With a lead in the polls, Thomas Mulcair fell victim to the Conservative definition of the NDP as fiscally irresponsible and led with a promise to balance the budget. After years of austerity measures, that rightward fiscal turn felt to many like a betrayal of NDP values in search of a few votes. And by the time the NDP started plummeting in the polls and Mulcair reasserted their progressive position, it was too little, too late.
If being sick doesn't kill you, the medical bills might. Imagine getting better and being bankrupted for it. Facing the prospect of financially devastating medical bills is a reality many Americans know isn't going away. But a newly announced partnership between B.C. startup FundRazr and leading US provider of healthcare information Healthline.com may just save them from financial ruin.
The New American City being held this week in Kansas City, Mo. will draw business and local government leaders from more than 50 U.S. and Canadian cities. They'll be arguing the crumbling infrastructures whose refurbishment we may view at net drains on our wallets in fact hold value and the potential for economic boom if they are properly rebuilt and maintained.
As an old friend who wishes nothing but the best for your country, I am worried about what one election night commentator described as the ongoing "ideological civil war" in America. In the past, after this initial polarization, there is a seeking for common ground and a coming together in order to "get things done." In recent years, however, this has not occurred. Continued polarization and conflict over the economic crisis is also of great concern to us in Canada, since our economic prosperity is very much tied to that of our largest trading partner.
During those four years there had been much sadness, wailing and gnashing of teeth and beating of breasts in the land as the tribe's riches and power ebbed, and the people lost faith in their tribe. So therefore, many leaders did arise who did each say unto the people that he alone was strong and of good courage and should be their leader to lead them out of the slough of despond and into the land of milk and honey...
Most of us are relieved the U.S. election is over -- listening to the hyperbole of the campaign for so many months has been difficult even for Canadians who don't hear the ads and don't have the same emotional reaction to the candidates. But there are some lessons to be learned for non-politicians working on their personal brands.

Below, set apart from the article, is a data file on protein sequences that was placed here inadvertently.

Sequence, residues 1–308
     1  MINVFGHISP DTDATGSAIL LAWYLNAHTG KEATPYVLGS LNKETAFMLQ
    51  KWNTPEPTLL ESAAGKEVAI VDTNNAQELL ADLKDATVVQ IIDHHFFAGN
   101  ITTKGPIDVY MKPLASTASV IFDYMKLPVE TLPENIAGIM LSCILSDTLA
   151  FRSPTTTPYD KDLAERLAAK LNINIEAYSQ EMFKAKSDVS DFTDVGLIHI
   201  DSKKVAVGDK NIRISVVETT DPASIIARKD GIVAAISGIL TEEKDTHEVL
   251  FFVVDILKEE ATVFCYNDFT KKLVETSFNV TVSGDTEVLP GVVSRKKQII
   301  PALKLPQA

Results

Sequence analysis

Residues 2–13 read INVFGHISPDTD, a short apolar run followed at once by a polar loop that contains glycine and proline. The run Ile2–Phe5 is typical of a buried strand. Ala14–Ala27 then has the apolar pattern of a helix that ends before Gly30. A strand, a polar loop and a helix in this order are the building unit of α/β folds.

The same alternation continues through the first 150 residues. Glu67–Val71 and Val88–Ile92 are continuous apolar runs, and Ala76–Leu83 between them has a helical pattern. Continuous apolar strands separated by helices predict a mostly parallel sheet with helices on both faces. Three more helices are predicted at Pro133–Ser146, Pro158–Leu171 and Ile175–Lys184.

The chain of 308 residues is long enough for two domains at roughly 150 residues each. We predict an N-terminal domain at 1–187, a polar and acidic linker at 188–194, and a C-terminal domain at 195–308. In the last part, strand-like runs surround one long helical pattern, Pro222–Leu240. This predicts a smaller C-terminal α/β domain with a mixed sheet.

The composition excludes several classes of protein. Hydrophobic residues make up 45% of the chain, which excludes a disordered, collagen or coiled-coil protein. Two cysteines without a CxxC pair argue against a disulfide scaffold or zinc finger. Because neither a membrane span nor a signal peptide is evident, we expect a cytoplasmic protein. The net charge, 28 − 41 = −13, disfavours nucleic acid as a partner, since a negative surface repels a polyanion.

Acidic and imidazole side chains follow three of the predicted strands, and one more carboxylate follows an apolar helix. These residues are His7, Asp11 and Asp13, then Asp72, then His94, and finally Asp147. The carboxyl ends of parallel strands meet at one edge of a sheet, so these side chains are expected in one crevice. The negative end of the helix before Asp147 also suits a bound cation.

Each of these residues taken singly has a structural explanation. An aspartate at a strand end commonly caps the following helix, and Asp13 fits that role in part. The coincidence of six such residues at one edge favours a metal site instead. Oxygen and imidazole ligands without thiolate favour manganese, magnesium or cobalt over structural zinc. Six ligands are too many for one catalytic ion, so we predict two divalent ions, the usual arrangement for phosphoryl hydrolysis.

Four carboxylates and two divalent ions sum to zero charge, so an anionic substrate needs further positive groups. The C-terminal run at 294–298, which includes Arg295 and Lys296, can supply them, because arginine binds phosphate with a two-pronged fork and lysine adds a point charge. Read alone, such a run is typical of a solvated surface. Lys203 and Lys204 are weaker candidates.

At the end of the day, this "close" election was not really that close. While the race was closer than 2008, Romney's routes to victory proved limited and, ultimately, impossible. The outcome of this election will likely raise serious questions about the influence of the right wing Tea Party in the Republican Party.
Imagine the following scene with me, if you will: Marine One lands amid a fury of fireworks in the middle of Grant Park in Chicago. President Obama is wearing a full flight-suit as he struts from the LZ up onto a stage already occupied by Bruce Springsteen and Jay-Z. As he makes his way behind the podium, George Clooney unveils a giant "MISSION ACCOMPLISHED" banner.
A successful Obama presidency -- one that trims the debt, shrinks the deficit, reforms entitlements, and spurs GDP growth is one dangerously likely to revive the old Canadian demons of insecurity and inferiority. Regardless of how much it may satiate our fiscal interests, an economically resurgent America almost certainly means a return to second-place status for this country.
Though image politics is still very much with us, we are entering a third age of democratic politics as a result of the 24-hour cable news cycle, social networking, YouTube, Twitter, mass apathy and at least in the American case, the archaic electoral college system. As a result of all this we get meta-politics, image politics taken to its absolute degree.
Long story short, Canadian editorial pages have devoted a lot more column space to American affairs than our own as of late. But I mean, given the choice between covering a ferocious battle between two men vying for leadership of the free world and a vague conspiracy theory that some guy named Gary Ritz may have not done enough to monitor Albertan beef processing -- well, what would you choose?
There are two elections this autumn that will have repercussions throughout Canada. The first happens in Quebec next week, the second in the United States in November. What makes these so important? What happens in Quebec next week and in the United States in two months' time will help shape the future, not only in that province and country, but for all of Canada as well.
For three years, my political party has veered in a direction I cannot follow. And if the GOP insists on framing the 2012 election as a ballot question on fiscal and monetary austerity, or if they nominate somebody manifestly incompetent to do the job of president, they're going to lose me -- and a lot more people.